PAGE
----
While film industries aroundthe globe are busy selecting their foreign-language Oscar entries, the Chinesefilm awards season got underway this week with submissions for Taiwan's GoldenHorse, which claims to be the leading awards ceremony for Chinese-language film.

Reflecting what has been arelatively strong year for Chinese cinema, the submissions include severalhigh-profile titles from the region's top directors including Stephen Chow's KungFu Hustle, Stanley Kwan's Everlasting Regret, Tsui Hark's SevenSwords, Johnnie To's Election, Feng Xiaogang's A World WithoutThieves and Tsai Ming-liang's The Wayward Cloud.

The organisers of thetravelling event - the Taipei Golden Horse Film Festival Executive Committee - havealso announced that this year's ceremony will be held in the north-eastern cityof Keelung on November 13. Keelung Citywill contribute $300,000 to the event with a further $450,000 coming from theGovernment Information Office (GIO).

Previous editions of theawards have been criticised for handing most of the prizes to Hong Kong ratherthan Taiwanese productions, which was difficult to avoid due to Taiwan'sdeclining production numbers.

However, the submissionsthis year also seem to reflect the Taiwanese film industry's rising fortunes. Ofthe 56 features that were submitted, 20 are Taiwanese productions and 20 arefrom Hong Kong. There are also seven Hong Kong-Chinaco-productions, four films from mainland China and three from Singapore.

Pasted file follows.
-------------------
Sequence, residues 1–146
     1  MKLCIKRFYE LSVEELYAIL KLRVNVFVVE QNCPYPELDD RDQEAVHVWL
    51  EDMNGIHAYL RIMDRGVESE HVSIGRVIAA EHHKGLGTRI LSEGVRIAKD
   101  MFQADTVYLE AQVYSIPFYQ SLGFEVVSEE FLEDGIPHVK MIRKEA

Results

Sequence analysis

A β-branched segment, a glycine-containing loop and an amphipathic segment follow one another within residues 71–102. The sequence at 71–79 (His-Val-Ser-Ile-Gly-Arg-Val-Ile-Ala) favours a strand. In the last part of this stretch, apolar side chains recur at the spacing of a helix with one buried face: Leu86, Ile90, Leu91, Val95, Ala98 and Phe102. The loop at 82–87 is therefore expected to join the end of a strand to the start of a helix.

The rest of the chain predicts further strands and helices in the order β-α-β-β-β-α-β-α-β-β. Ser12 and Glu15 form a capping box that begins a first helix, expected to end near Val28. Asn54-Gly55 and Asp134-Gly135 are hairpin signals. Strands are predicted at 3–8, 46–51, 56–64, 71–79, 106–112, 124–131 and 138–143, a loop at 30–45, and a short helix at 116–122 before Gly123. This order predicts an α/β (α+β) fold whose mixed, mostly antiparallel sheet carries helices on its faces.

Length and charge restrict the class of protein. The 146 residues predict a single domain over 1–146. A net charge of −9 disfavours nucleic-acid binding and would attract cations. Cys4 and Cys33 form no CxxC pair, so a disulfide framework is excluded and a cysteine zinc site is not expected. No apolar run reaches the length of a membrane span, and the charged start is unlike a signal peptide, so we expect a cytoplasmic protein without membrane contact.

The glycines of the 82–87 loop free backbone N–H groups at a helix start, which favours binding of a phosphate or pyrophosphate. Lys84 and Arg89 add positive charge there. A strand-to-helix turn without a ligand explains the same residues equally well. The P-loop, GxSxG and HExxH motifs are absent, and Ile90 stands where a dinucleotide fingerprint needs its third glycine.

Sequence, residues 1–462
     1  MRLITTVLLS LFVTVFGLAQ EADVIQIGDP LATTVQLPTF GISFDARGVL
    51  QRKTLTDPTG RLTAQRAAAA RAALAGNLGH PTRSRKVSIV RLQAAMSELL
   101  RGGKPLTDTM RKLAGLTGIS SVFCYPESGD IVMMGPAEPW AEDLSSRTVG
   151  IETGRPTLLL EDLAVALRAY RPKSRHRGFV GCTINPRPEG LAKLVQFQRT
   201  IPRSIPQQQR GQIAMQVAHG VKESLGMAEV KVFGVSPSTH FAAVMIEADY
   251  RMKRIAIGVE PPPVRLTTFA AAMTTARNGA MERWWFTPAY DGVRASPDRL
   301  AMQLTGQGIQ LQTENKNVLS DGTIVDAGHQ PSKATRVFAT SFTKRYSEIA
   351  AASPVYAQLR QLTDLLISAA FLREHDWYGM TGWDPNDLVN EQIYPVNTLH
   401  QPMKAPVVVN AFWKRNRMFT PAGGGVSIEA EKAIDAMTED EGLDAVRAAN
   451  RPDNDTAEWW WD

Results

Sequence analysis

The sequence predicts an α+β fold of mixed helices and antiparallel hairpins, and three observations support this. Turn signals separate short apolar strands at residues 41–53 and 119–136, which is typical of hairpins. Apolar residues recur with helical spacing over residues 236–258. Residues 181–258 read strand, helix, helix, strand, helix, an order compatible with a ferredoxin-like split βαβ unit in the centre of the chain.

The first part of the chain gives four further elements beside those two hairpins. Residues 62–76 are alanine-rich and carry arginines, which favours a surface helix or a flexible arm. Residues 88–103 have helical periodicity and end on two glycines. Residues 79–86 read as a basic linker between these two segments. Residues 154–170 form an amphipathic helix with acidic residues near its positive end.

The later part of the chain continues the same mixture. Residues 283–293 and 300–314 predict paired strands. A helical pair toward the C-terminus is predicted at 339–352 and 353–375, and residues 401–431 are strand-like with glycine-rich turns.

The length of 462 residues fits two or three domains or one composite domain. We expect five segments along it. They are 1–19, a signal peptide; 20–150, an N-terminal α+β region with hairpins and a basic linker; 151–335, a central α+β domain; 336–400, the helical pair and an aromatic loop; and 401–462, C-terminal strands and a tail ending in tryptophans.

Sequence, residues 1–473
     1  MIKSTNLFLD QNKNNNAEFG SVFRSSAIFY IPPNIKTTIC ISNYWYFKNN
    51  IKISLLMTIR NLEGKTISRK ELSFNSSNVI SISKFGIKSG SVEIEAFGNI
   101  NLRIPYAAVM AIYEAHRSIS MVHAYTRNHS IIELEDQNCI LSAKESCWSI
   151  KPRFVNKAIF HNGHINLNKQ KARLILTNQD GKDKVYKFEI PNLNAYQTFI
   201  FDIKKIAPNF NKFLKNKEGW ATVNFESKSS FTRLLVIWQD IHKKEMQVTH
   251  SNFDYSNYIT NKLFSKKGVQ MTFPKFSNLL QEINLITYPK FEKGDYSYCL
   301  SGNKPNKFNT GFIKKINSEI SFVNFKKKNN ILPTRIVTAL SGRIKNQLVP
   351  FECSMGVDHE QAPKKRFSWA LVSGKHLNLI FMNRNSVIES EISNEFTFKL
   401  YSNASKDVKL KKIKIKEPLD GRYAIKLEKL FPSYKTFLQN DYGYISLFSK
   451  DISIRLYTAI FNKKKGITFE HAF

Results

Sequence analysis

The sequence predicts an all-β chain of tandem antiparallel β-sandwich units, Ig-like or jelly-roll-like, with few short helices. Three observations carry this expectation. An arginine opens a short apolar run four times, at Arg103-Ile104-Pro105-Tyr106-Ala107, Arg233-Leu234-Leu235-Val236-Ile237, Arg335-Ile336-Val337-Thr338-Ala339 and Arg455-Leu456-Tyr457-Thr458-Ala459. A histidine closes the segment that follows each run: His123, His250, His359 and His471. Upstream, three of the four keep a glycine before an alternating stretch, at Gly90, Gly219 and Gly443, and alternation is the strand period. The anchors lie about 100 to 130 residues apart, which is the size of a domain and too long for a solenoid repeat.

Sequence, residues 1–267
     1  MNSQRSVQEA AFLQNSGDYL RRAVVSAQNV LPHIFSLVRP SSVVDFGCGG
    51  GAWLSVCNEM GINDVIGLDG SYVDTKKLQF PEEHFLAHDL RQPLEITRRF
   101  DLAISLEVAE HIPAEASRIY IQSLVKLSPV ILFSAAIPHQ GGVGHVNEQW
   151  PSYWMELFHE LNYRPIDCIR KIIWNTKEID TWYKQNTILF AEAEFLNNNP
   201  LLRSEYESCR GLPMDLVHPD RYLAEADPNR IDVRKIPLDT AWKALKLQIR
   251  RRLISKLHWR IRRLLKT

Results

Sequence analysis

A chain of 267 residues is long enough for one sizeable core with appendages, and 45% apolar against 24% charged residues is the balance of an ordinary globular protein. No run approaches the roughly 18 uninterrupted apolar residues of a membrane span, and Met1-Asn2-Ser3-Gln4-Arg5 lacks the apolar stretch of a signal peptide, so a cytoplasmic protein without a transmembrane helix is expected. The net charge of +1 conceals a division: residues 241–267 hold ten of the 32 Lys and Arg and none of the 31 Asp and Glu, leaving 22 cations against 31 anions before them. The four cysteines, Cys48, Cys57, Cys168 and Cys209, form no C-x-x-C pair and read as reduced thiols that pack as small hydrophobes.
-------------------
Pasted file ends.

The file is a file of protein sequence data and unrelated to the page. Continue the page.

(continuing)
The Golden Horse jury willbe unveiled tomorrow and the nominations shortlist will be announced on October18.

Politics continues to affectthe event. Yesterday, mainland production company Guangdong Song Zude pulledits entry Eyes Of Heaven, explaining that Chinese officials had informedthem that only Hong Kong-China co-productions are officially cleared forsubmission. Last year's best film award winner, Lu Chuan's Kekexili, was a co-production between China and Hong Kong.

Meanwhile, mainland China's majorfilm awards, the Golden Roosters, which also shifts dates and locations, willthis year be held in Sanya in south China's Hainan province on November 12.

The awards usually onlyrecognise mainland filmmakers and actors but this year have been opened totalent from Hong Kong and Taiwan for the first time.

Both the Golden Horse andGolden Rooster awards are held concurrently with a film festival. The Golden Roosterand Hundred Flowers Film Festival will run from November 9-12 in Sanya. TheGolden Horse Film Festival will be based at the Warner Village multiplex in Taipei's fashionable Hsinyi district from November 4-17 forthe third year running before touring nationwide.

Another major Chinese filmawards ceremony, the Hong Kong Film Awards, will be held in Hong Kong on April8, 2006, just ahead of the Hong Kong International Film Festival (April 4-19).Traditionally, the awards only recognise talent from Hong Kong.